When I am conducting interviews, I place a high degree of importance on the candidates aptitude and approach to problem solving and I usually build up a pretty good team with candidates who the bros wouldn't hire.
Some people suggest looking at candidate's github repo; this would not work for enterprise software developers and most large companies have restrictions on what code a developer can claim as his/her own and publish.
edit : grammar
In interviewing a diversity of experience is especially crucial. Further, being experienced at interviewing is super important, and that sort of experience is even harder to gain than other software experience.
The hard part about the job is
1 Getting the actual real requirements nailed down
2 Designing the system to run in the real world accounting for all those edge cases and falilure modes.
Wherein the programmer plays the role of social worker. Seriously though, the skill sets are very similar. The client is typically the ultimate source of the requirements, but it's never a simple case of asking the client "what should I build? More often than not, the client doesn't know what s/he wants, wants something that will actually hurt him/her, is actually seven different people who want opposite things, wants the roses simultaneously painted white and red, etc. Which is why I find requirements collection the most challenging part of the job.
If on the other hand you are saying, "should I be evaluating product specification and requirements gathering when hiring business analysts, or product managers" then I would say of course! What else would be evaluating them on?
Similarly, there are environments where static requirements are cornerstone for success. Certain methodologies deal with this environment better than others and certain developers will be more successful than others in these environments.
A.) Are great in their dayjobs and don't wish to spend their free time writing Open Source. Maybe they have families. Maybe they have non-coding hobbies.
B.) Work on private repos all the time.
Whiteboarding lets me prove raw problem solving IQ without being negatively judged for lack of twitter followers or technical blog posts.
Portfolios allow devs to prove raw problem solving IQ without being negatively judged for lack of documentation or a debugger.
There are developers who aren't good at whiteboarding interviews because they don't think that way and work better when they're at a laptop and can refer to other source code and documentation and can run their code continuously as they write it.
With those devs, they may not look impressive in a whiteboard interview, but you can look at their GitHub portfolio and draw conclusions about their programming ability.
An ideal interview should be holistic and include both off-the-cuff code and polished projects.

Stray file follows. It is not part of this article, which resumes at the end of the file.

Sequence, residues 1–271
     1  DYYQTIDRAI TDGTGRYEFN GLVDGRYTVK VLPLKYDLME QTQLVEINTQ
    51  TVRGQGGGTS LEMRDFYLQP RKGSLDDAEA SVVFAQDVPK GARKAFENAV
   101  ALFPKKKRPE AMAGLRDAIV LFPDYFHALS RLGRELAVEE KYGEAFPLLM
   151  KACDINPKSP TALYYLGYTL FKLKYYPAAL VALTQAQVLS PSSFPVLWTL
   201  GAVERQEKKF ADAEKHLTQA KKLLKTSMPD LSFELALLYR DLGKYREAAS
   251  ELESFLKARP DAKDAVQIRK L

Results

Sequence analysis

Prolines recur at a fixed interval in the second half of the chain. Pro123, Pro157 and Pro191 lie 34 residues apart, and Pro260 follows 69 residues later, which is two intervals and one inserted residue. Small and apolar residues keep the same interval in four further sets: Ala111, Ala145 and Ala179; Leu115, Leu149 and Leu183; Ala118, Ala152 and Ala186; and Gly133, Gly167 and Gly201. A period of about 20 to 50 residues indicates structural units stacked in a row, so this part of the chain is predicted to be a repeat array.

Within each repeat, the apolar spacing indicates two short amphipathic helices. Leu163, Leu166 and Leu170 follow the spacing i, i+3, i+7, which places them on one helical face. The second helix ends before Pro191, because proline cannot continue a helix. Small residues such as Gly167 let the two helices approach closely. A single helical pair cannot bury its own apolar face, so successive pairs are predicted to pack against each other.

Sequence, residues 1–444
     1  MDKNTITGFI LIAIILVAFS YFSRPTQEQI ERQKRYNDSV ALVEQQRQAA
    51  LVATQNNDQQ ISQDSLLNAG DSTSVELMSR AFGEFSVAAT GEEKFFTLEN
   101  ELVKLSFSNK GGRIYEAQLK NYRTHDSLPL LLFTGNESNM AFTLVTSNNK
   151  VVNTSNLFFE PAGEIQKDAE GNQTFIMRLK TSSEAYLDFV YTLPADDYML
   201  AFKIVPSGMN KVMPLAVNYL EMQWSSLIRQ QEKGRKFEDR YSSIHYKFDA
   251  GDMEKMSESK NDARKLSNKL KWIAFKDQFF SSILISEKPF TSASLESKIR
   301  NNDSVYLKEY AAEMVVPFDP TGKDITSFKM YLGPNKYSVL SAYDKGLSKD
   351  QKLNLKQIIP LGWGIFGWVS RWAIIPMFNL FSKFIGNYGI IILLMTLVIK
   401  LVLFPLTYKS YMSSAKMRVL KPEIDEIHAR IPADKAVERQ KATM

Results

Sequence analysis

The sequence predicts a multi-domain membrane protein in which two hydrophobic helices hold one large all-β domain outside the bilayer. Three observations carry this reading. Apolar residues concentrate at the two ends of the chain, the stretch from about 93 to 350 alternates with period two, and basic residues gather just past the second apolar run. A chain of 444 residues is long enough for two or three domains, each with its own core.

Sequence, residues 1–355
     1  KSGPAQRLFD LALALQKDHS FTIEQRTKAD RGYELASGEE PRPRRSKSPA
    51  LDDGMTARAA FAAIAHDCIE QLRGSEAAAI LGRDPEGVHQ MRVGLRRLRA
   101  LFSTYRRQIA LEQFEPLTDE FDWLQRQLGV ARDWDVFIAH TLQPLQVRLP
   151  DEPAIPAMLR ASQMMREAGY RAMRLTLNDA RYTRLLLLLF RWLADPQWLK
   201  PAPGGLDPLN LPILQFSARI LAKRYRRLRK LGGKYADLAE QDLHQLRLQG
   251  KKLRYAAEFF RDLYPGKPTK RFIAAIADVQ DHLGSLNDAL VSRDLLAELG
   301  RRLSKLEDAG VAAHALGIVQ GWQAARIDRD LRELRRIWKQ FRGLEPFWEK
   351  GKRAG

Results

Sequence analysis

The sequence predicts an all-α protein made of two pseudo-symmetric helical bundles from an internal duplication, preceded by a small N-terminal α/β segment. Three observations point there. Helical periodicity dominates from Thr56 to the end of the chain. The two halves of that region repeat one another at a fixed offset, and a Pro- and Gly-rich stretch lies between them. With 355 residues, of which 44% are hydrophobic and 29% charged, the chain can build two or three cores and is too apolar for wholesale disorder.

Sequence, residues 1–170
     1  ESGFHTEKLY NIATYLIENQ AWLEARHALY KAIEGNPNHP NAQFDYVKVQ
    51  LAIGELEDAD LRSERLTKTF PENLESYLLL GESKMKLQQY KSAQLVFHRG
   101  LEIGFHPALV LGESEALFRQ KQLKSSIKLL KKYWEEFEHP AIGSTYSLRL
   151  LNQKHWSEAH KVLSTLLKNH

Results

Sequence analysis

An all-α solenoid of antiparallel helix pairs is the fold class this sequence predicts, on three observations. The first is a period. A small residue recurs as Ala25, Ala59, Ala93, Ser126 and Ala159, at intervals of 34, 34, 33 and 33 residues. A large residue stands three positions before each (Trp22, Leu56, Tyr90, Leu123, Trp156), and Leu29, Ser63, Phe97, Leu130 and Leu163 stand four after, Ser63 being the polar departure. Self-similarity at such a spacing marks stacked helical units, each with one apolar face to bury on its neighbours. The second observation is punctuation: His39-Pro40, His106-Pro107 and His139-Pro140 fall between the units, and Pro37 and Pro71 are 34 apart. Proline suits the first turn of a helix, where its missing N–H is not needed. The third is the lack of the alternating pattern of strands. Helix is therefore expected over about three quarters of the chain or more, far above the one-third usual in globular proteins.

A good judge at a whiteboard won't mark you down for uncertainty about interfaces, which partially ameliorates this, for those cases where you have a good judge...
I'm also tempted to say that needing a debugger to lay out a mostly correct solution to a small problem is weird - can you elaborate on how that might be applicable?
In any event, I agree with your ultimate conclusion - holistic is probably a better way to go.
So in each case we come up with proxies for this measure. Having done the interview side of the fence a lot, my strong intuition is that nearly everything people try to measure in developer acquisition strategies either don't correlate or negatively correlate to hiring good developers.
At this point, the only advice I give people about this is figure out a repeatable, measurable process for your organization and measure every single filter you use during hiring. Test the measures on just hired applicants, applicants a few months out, and applicants a few years out. It is time consuming and fraught with problems but there is no magic bullet out of this morass.
So, what shall we do? How can we very strongly incentivize every qualified person to upload their profile, in a way that lets us curate people's actual abilities?
The suggestions this article makes, to demand githubs or complete projects done for demonstration purposes, have both been rejected. Sure, it may be a good strong signal. But then so is the signal of someone creating a complete application for your company (complete with branding) to actually A/B test on the front page, and then if it does well, for the canddiate to show up for a 3 month unpaid trial during which he or she must contribute as a full member of the team and can be dismissed at any time for no reason. I guarantee, anyone who passes that test would be a great candidate. The issue is that there are perhaps three people on the planet who would even consider applying to a company on those terms - and they're the original founders' siblings.